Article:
Bio­gen vows to fight CM­S' draft cov­er­age de­ci­sion for Aduhelm be­fore April fi­nal­iza­tion

Biogen executives made clear in an investor call Thursday they are not preparing to run a new CMS-approved clinical trial for their controversial Alzheimer’s drug anytime soon.

As requested in a draft national coverage decision from CMS earlier this week, Biogen and other anti-amyloid drugs will need to show “a meaningful improvement in health outcomes” for Alzheimer’s patients in a randomized, placebo-controlled trial to get paid for their drugs, rather than just the reduction in amyloid plaques that won Aduhelm its accelerated approval in June.

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CRO own­er pleads guilty to ob­struct­ing FDA in­ves­ti­ga­tion in­to fal­si­fied clin­i­cal tri­al da­ta

The co-owner of a Florida-based clinical research site pleaded guilty to lying to an FDA investigator during a 2017 inspection, revealing that she falsely portrayed part of a GlaxoSmithKline pediatric asthma study as legitimate, when in fact she knew that certain data had been falsified, the Department of Justice said Wednesday.

Three other employees — Yvelice Villaman Bencosme, Lisett Raventos and Maytee Lledo — previously pleaded guilty and were sentenced in connection with falsifying data associated with the trial at the CRO Unlimited Medical Research.

Susan Galbraith, AstraZeneca EVP, Oncology R&D

Can­cer pow­er­house As­traZeneca rolls the dice on a $75M cash bet on a buzzy up­start in the on­col­o­gy field

After establishing itself in the front ranks of cancer drug developers and marketers, AstraZeneca is putting its scientific shoulder — and a significant amount of cash — behind the wheel of a brash new upstart in the biotech world.

The pharma giant trumpeted news this morning that it is handing over $75 million upfront to ally itself with Scorpion Therapeutics, one of those biotechs that was newly birthed by some top scientific, venture and executive talent and bequeathed with a fortune by way of a bankroll to advance an only hazily explained drug platform. And they are still very much in the discovery and preclinical phase.

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‘Skin­ny la­bels’ on gener­ics can save pa­tients mon­ey, re­search shows, but re­cent court de­ci­sions cloud fu­ture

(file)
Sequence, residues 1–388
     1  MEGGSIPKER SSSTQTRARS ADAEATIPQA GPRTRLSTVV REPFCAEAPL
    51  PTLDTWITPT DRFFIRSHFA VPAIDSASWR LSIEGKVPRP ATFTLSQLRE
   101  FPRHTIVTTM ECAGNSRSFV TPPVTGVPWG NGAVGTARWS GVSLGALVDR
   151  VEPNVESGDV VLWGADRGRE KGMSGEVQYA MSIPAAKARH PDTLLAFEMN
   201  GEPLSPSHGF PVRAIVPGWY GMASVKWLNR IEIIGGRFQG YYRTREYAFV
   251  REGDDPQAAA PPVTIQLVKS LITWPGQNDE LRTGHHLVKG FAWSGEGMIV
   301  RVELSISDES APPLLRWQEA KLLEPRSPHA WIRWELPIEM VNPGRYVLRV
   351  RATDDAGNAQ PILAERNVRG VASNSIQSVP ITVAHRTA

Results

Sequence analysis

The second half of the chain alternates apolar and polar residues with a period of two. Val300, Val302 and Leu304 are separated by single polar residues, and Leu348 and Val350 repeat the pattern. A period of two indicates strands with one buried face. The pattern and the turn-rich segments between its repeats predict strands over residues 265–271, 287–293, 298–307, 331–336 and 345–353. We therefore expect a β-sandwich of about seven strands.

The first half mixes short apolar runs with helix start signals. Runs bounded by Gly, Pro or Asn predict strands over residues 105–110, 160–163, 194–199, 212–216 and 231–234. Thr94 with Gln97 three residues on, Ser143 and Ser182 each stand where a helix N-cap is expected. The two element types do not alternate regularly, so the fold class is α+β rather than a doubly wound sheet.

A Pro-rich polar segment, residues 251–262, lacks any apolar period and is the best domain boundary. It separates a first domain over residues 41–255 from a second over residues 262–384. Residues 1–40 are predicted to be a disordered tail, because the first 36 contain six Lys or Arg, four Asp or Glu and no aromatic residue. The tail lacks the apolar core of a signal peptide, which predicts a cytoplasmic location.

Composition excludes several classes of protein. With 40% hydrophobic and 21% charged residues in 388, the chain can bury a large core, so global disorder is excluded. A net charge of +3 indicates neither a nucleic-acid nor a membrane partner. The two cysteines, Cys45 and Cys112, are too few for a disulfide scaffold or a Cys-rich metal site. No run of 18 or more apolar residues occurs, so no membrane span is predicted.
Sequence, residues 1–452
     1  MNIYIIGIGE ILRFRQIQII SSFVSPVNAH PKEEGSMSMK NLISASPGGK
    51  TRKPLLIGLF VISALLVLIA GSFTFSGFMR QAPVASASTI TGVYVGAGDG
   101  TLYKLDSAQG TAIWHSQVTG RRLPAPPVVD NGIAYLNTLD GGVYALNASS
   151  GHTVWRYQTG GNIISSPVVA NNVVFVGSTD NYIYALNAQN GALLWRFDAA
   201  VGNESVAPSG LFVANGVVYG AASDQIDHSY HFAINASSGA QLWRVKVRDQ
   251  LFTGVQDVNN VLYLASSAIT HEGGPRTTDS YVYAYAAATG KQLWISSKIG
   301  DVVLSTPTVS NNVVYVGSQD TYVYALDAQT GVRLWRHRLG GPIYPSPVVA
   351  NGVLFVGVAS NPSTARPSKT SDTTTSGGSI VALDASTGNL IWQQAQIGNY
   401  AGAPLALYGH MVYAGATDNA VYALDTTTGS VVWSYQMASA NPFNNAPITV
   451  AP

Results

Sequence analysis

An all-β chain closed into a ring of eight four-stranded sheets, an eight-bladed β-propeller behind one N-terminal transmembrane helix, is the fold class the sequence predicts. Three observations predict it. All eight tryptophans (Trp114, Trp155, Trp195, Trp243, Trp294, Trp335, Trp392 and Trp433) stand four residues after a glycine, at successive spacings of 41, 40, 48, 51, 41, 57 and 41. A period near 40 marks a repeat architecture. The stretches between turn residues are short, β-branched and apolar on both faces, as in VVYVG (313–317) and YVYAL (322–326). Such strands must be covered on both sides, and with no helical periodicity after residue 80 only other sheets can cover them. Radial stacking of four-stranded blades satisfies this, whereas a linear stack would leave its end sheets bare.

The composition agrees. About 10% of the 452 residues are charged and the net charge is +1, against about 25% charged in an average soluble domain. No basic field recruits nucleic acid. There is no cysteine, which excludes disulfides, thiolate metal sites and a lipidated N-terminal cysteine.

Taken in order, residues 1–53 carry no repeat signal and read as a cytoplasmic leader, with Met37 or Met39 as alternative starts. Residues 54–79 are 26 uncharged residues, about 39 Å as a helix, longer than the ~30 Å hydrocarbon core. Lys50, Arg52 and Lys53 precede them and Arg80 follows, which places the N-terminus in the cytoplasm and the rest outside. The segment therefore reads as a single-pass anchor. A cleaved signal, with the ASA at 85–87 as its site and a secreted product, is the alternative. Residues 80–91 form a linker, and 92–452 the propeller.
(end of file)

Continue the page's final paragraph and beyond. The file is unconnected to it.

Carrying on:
New research shows how generic drug companies can successfully market a limited number of approved indications for a brand name drug, prior to coming to market for all of the indications. But several recent court decisions have created a layer of uncertainty around these so-called “skinny” labels.

While courts have generally allowed generic manufacturers to use their statutorily permitted skinny-label approvals, last summer, a federal circuit court found that Teva Pharmaceuticals was liable for inducing prescribers and patients to infringe GlaxoSmithKline’s patents through advertising and marketing practices that suggested Teva’s generic, with its skinny label, could be employed for the patented uses.

A patient in Alaska receiving an antibody infusion to prevent Covid hospitalizations in September. All but one of these treatments has been rendered useless by Omicron (Rick Bowmer/AP Images)

How a tiny Swiss lab and two old blood sam­ples cre­at­ed one of the on­ly ef­fec­tive drugs against Omi­cron (and why we have so lit­tle of it)

Exactly a decade before a novel coronavirus broke out in Wuhan, Davide Corti — a newly-minted immunologist with frameless glasses and a quick laugh — walked into a cramped lab on the top floor of an office building two hours outside Zurich. He had only enough money for two technicians and the ceiling was so low in parts that short stature was a job requirement, but Corti believed it’d be enough to test an idea he thought could change medicine.